LPM: Re: CGI.pm and why I don't use it.
rbowen at rcbowen.com
Sat Aug 14 15:39:20 CDT 1999
Mike Andrews wrote:
> Someone mentioned at one point that the CPAN CGI module was evil, but
> didn't go into detail.
> What's evil about it?
That was me. I'm not sure if I would go so far as to say that they are
evil. And Lincoln was pleasant enough, although somewhat unwilling to
discuss ideas that did not agree with his.
OK, here's my position and my reasons.
I believe that the code and the UI should be kept separate as much as
possible. This is mostly for practical reasons, but also has to do with
the beauty of the code.
Practical reasons: I have customers. My customers do not know Perl.
Frankly, that's fine with me, because if they did, they would not be my
customers. They do, however, know HTML. I am not good at web site
design. Just look at my web site some time, and you will agree with me.
So I write Perl code, and leave the HTML page design to my customers.
This implies that the two are not the same thing, and I don't have to
know one to do the other. To this end, I have developed my own method of
putting HTML in HTML template files, and the code in Perl files, and
never the twain shall meet. This is of course not possible, because you
have to make some of the HTML pages dynamically. I've used
Text::Template - one of the venerable old CPAN modules - to make HTML
template files, and fill in variables at run time. The people editing
the HTML pages see some weird things in the files that don't look quite
like HTML, and they leave them alone. But they don't ever have to edit
Perl code in order to change how their pages look.
The traditional way (pre CGI.pm, perhaps pre cgi-lib.pl) to do this sort
of thing was to have everything inline in your code.
print "<head><title>Page title</title></head>\n";
While this is ugly and confusing to the end user, they can at least see
where the HTML is, and can figure out how to change it. Putting it in a
"here document" (the print <<End; construct) inproves readability. But
the basic problem is still there. The customer has to edit a Perl file,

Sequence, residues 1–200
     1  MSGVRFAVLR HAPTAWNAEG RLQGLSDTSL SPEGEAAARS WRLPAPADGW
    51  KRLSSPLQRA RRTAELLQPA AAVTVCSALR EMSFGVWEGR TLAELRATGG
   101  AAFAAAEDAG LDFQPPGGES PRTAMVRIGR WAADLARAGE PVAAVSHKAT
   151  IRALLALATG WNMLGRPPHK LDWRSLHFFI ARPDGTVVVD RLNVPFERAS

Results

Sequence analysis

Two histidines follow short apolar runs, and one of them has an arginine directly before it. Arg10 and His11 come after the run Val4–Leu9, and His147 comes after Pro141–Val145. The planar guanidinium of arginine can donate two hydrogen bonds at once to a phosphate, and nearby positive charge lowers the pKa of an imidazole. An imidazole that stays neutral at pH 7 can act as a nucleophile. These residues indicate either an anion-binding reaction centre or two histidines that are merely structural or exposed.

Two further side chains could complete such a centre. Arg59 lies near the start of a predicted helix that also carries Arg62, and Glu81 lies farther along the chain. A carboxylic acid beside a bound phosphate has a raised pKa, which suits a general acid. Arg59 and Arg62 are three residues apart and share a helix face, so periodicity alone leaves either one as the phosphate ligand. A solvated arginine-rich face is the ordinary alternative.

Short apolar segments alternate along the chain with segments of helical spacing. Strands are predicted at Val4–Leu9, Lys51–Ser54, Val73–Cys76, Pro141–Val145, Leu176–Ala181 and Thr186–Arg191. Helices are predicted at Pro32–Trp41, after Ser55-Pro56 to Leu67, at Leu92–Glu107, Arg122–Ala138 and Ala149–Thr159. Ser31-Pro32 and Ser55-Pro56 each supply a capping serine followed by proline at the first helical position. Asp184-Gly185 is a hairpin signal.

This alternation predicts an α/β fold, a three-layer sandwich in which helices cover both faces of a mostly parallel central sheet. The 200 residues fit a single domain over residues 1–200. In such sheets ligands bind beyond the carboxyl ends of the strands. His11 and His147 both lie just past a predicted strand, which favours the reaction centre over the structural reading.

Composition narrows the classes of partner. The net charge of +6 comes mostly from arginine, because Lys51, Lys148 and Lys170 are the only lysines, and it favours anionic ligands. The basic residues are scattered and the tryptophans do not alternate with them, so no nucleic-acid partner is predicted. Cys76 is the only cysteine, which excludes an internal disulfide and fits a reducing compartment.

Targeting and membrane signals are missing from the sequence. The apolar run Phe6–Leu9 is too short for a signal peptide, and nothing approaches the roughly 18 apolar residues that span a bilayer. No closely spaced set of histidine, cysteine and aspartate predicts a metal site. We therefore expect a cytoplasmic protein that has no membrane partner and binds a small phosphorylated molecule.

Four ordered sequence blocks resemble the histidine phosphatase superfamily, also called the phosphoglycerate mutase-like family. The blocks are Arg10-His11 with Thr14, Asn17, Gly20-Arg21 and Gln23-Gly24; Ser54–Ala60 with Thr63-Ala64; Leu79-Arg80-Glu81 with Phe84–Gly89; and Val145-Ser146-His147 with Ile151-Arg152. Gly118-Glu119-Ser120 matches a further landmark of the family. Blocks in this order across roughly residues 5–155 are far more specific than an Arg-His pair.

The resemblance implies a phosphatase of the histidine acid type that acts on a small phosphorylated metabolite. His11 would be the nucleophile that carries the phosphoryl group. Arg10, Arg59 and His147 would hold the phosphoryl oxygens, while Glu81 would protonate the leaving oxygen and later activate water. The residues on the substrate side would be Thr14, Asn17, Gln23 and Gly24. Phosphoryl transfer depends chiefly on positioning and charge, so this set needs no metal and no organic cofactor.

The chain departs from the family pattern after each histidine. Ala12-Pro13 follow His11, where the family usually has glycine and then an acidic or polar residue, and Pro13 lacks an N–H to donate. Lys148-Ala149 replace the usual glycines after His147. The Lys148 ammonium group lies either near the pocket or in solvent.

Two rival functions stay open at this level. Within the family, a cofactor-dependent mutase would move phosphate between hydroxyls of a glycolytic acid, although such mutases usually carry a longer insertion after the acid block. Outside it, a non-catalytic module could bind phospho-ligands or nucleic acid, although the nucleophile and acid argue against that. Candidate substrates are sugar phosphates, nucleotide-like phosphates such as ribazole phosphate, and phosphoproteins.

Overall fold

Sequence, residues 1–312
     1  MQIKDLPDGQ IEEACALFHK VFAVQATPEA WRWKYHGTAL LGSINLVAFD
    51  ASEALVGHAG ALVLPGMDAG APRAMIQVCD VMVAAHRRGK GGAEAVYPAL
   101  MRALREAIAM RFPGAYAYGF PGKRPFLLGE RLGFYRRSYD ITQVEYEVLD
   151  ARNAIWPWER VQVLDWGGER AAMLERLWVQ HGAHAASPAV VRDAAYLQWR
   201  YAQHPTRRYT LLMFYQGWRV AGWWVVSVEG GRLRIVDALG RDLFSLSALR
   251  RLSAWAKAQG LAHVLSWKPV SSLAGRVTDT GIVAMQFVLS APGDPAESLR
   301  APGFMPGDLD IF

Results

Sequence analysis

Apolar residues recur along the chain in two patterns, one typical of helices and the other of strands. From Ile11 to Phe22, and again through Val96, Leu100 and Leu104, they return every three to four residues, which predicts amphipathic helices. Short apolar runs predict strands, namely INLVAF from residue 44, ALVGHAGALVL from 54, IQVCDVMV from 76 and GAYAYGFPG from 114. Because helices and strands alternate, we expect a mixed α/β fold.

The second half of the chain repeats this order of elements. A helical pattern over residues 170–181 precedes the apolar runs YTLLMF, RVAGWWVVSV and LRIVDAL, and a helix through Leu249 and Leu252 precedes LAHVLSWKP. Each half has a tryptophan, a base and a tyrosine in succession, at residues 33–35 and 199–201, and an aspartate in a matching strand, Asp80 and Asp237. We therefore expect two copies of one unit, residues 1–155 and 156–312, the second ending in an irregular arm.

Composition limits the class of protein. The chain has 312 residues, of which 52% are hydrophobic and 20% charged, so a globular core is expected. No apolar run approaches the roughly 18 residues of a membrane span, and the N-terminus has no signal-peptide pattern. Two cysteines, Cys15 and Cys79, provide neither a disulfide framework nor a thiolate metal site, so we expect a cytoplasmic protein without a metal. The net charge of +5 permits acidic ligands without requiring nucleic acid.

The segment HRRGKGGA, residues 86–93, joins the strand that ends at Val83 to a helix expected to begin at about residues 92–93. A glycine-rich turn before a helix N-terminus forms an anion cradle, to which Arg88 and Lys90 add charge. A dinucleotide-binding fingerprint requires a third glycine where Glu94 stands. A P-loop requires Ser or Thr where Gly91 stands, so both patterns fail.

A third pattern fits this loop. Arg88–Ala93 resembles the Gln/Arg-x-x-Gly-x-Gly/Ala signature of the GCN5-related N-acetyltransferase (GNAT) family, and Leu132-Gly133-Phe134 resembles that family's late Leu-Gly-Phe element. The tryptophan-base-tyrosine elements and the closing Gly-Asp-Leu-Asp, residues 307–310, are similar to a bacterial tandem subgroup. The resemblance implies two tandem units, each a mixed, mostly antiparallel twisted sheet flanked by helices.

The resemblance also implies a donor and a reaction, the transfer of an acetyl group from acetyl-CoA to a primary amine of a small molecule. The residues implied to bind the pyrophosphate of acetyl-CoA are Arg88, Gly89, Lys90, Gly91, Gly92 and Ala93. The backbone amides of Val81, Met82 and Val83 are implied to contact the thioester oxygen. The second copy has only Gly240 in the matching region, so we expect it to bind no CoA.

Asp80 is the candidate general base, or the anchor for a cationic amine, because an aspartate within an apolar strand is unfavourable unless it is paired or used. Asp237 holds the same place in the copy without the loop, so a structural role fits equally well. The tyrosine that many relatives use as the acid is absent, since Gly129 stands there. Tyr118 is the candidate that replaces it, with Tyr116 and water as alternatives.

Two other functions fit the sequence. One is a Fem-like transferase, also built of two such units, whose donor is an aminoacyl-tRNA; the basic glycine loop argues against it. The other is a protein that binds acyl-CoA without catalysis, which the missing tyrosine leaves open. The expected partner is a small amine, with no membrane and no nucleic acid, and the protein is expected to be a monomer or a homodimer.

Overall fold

and look for HTML in it, in order to change their vlink color. This is
Along comes CGI.pm and makes things infinitely worse.
Now, instead of putting in my code:
print '<INPUT TYPE="textfield" NAME="State" VALUE="gaseous"
I now do:
$field = $query->textfield(-name=>'State',
And somehow, that's better? Ick. Double Ick. Triple Ick. By the way,
that's an actual example from the CGI.pm documentation, so someone
thought that this was a good idea. Now, the customer is completely
unable to edit the appearance of their pages, because not only is it
embeded in Perl code, it looks completely unlike HTML,and they have no
idea what they would need to modify.
So, in conclusion, it would seem to me that CGI.pm is great if you are
writing quick-and-dirty one-off CGI scripts that you will never have to
change, and nobody but yourself will ever have to look at. However, if
you ever intend to deliver a product to a customer, it is evil evil evil
(there, I said it, I feel better) and will guarantee that they will not
come to you for the next project. It makes them feel like an idiot, and
make them think that you are making things unnecessarily complicated.
("I just wanted to change the color of the text right there. Why do I
have to hire a programmer to make that change.")
I know, it was a little lengthy, but it's something that I have thought
a lot about, and since this is what I do to pay my bills, it is
important that I keep my customers happy.
I should say, for the record, that Lincoln did discuss with me the
notion of template-based CGI applications, but he was very dismissive of
the idea, particularly of the idea that I had a different way of doing
things, rather than using PHP, or EmbPerl, or ePerl, or one of the other
existing solutions to this problem. All of those products have the
downside that now, instead of the HTML being in the Perl code, the Perl
code is in the HTML, and you have the same problem all over again.
There is also a prevailing (and very irritating) attitude in the Perl
community that if you don't "use CGI" that you are not a real Perl
programmer. This is unfortunate, because I think that CGI.pm embodies
everything that is wrong with the notion of writing OO code purely for
the sake of writing OO code, and is, as such, a very bad example of how
to write Perl code. It is, however, part of the standard Perl
distribution, and Lincoln is credited (by some) of revolutionalizing the
way that CGI programs are written. Yes, he is a brilliant man and knows
more about Perl than I probably ever will, but I still have to keep my
customers happy, and CGI.pm is not the way to do that.
There, have I been verbose enough?
It seems to me as we make our own few circles 'round the sun
We get it backwards and our seven years go by like one
--Rush, 'Dog Years' (Test for Echo, 1996)
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